March New Sarata was a daughter colony founded in 1890. During the settlement time, space was reserved for a church and a school. As early as 1892, the stately prayer house with bell cage was built and served as church and school until Resettlement.

April Bessarabia is a beautiful region. In spring it greens and blooms in the gardens and the far-flung fields. While in the southern part adjoining the Black Sea only gentle knolls rise from the plains and one can see from horizon to horizon, central Bessarabia is hilly with abundant tree growths. Our picture shows the area of Kischinew in about 1938.

May At the time of settlement in Bessarabia, each colonist farmer as well as craftsman endeavored to take over a farm. Yet only those who practiced their trade in the community were permitted to occupy Kleinhaüsler – Hof plätze (little farm places). Later, about 1870, crafts were practiced on the farming estates. Our picture shows a well-equipped blacksmith shop (1898) photographed in about 1900)

June In spring the Sarata River overflowed its banks. Held by dams, the water supply was more than sufficient for livestock the entire year. Especially for the youth, bathing was a great pleasure and one did not deny himself a roundtrip by “Lodka” (rowboat). Our picture was taken in about 1923 on the Sarata River.

July This typical farmyard scene of the Germans and Bessarabia proves that the farmer enjoyed his sideline as a craftsman. In the foreground (far right) we see the foundation of a lathe for treating leather – a sideline of the farmer’s occupation that he practiced in the winter months. Out of the rawhides of cows and horses, as well as foals and pig skins. The farmer conditions the leather for various uses. Mainly it was used for attractive harnesses for horses, but also for durable work shoes. The process originated in Alt-Elft.

August The Bessarabian Germans placed much value on raising livestock, especially in the first decades after their arrival, when it was the main source of farm income and there were wide expanses of meadowland. After more and more land was plowed, livestock raising declined. Yet one was interested in introducing a good cow. In 1880, the red German colonists cow from the Molotschna area was introduced and in the last two decades before Resettlement the Angler-Rasse breed was popular for its higher milk production.

September Raising sheep was a special and considerable branch of the Bessarabian German farmer’s occupation. Upon arrival, our ancestors found large herds of sheep grazing on the rented federal lands. Acquiring sheep then was no problem. The sheep was the most welcome domestic animal in settlement time. Besides wool, meat and sheep cheese that it provided, it was also noted for requiring less feed and care. The sheep in all the years never lost its importance in the farming industry in spite of the change from the simple Steppe sheep to the purebred Merino or Karakal.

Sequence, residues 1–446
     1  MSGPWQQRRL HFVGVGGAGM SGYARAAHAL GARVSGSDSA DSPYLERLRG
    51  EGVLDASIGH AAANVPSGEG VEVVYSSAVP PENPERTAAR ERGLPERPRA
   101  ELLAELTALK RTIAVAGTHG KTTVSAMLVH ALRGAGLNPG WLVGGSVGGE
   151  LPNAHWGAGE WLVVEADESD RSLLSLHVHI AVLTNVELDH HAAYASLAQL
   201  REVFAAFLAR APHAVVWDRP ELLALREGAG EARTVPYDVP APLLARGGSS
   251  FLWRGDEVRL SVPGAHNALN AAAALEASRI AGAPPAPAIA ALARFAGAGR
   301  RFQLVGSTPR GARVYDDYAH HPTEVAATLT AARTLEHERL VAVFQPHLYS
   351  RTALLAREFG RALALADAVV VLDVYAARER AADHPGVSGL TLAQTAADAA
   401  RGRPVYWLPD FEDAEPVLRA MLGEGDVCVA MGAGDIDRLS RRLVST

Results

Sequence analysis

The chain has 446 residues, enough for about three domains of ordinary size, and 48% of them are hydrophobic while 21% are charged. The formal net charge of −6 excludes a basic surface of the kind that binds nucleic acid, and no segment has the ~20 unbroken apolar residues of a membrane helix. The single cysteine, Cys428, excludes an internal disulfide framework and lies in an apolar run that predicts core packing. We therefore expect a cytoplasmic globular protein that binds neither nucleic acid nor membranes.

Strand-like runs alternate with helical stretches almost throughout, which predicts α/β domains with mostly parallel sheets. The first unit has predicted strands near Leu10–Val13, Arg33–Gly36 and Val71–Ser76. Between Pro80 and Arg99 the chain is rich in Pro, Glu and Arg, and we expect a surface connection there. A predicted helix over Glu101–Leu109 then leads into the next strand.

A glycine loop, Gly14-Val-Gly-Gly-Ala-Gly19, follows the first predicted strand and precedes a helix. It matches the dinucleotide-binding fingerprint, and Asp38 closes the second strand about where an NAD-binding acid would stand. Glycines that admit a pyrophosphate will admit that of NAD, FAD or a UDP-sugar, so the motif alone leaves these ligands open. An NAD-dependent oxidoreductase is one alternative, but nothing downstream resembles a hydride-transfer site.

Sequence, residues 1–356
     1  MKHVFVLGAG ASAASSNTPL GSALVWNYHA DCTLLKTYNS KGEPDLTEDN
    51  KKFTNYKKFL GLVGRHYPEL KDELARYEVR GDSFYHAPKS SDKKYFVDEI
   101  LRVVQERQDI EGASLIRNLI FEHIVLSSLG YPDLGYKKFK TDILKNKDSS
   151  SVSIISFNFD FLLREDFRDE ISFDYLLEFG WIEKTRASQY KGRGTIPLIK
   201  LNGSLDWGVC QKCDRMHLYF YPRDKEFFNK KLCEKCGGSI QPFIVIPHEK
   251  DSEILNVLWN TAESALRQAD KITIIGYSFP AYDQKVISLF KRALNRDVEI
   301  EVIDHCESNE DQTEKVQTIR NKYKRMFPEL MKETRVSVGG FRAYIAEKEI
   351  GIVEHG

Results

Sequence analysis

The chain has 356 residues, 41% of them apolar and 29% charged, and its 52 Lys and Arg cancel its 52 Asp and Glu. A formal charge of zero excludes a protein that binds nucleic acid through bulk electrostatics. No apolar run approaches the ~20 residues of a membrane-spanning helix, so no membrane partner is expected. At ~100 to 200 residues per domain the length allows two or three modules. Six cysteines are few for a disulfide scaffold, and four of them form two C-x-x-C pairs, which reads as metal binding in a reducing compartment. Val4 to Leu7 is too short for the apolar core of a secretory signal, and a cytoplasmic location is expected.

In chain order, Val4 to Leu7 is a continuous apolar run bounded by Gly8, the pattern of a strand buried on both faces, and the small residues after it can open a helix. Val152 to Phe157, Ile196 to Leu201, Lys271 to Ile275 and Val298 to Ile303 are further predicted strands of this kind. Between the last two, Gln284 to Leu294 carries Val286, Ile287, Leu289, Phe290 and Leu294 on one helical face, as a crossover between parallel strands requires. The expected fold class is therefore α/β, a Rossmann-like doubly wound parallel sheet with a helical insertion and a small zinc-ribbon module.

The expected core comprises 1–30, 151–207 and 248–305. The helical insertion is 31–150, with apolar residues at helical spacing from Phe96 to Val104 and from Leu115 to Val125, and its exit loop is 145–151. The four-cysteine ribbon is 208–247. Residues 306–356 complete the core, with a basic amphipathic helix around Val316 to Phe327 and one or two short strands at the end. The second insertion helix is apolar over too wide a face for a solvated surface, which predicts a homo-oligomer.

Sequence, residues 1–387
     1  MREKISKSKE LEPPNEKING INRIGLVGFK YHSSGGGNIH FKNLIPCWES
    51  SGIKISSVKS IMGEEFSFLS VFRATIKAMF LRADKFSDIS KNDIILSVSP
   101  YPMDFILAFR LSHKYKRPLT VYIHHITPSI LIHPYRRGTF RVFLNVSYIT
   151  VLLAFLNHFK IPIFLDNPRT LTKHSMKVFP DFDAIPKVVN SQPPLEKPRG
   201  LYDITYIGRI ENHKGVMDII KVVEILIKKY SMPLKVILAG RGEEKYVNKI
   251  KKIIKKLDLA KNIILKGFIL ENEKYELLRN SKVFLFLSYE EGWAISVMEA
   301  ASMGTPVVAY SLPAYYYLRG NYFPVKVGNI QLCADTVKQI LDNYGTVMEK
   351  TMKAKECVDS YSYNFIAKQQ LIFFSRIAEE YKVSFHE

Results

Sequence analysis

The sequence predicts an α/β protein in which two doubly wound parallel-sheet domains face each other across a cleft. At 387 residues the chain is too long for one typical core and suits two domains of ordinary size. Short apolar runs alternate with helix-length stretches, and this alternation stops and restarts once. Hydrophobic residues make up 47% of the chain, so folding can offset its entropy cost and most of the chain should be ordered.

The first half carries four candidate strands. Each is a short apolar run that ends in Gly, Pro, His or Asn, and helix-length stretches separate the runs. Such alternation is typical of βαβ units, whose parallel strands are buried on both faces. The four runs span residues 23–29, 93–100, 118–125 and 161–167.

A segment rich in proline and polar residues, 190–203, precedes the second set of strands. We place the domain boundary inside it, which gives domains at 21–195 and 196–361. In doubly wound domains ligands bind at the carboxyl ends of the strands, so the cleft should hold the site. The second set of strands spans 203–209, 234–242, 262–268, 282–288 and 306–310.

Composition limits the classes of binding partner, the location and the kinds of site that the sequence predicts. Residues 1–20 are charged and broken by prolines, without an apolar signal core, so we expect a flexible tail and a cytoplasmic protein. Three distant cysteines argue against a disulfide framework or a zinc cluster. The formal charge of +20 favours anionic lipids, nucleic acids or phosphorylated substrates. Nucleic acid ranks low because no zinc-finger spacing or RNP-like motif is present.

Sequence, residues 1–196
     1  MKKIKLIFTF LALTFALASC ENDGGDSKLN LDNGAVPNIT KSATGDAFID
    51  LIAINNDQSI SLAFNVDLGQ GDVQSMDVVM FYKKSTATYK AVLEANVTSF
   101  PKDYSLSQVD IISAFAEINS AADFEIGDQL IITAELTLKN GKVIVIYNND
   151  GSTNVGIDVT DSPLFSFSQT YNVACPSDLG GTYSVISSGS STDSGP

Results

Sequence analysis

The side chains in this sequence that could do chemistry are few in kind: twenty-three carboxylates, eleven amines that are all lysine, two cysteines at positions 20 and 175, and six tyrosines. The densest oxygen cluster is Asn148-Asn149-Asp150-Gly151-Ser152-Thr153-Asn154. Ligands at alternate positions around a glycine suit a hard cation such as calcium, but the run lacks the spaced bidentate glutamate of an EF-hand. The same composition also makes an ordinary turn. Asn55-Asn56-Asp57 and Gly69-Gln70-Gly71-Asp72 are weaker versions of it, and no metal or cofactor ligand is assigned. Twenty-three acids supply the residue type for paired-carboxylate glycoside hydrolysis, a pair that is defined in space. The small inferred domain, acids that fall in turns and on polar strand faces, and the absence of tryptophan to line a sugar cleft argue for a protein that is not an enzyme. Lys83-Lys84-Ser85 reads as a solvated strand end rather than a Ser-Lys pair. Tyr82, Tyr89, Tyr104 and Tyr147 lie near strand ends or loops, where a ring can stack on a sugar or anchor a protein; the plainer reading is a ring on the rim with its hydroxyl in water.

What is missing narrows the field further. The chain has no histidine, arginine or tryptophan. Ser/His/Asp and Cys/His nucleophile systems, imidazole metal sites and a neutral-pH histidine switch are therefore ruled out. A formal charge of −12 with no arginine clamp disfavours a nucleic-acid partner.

October “Golden October” was welcomed by the German farmers after the hard work of harvesting, threshing and all the related work was completed. Who could not rejoice in the harvest thank fests where one could enjoy the harvested fruits? The grain granaries were full and the grape harvest was at the door. Bringing in the corn was a joy. It always offered much fun and amusement.

November The month of November in Bessarabia was the beginning of winter. The leaves on the trees and shrubs thinned out. The evenings became longer. At the cemetery the graves became winterized and the dead were remembered with an inner silence. The bare Bessarabian Acacia alley streets gave notice of nature’s fading. Our picture originated in Andrejewka.

December A true Bessarabian winter brought the first snow in early December. It usually lasted stubbornly into spring. This was beneficial for the farmers and the winter grains.

Who didn’t rejoice on the most beautiful holiday of the year? Christmas with all its joys and the glorious message: “Christ is born, rejoice all ye Christians!”

At Christmas time one enjoyed a trip in the horse drawn sleigh to visit from house to house. Our picture was taken in Hoffnungstal.

Translation by Alma M. Herman June 1991

Bildkalendar 1991

$20 each when purchasing 3 or more calendars at the same time, the price per calendar is $15 each plus Shipping & Handling

Download Order Form

Permission to use any images from the GRHC website may be requested by contacting Michael M. Miller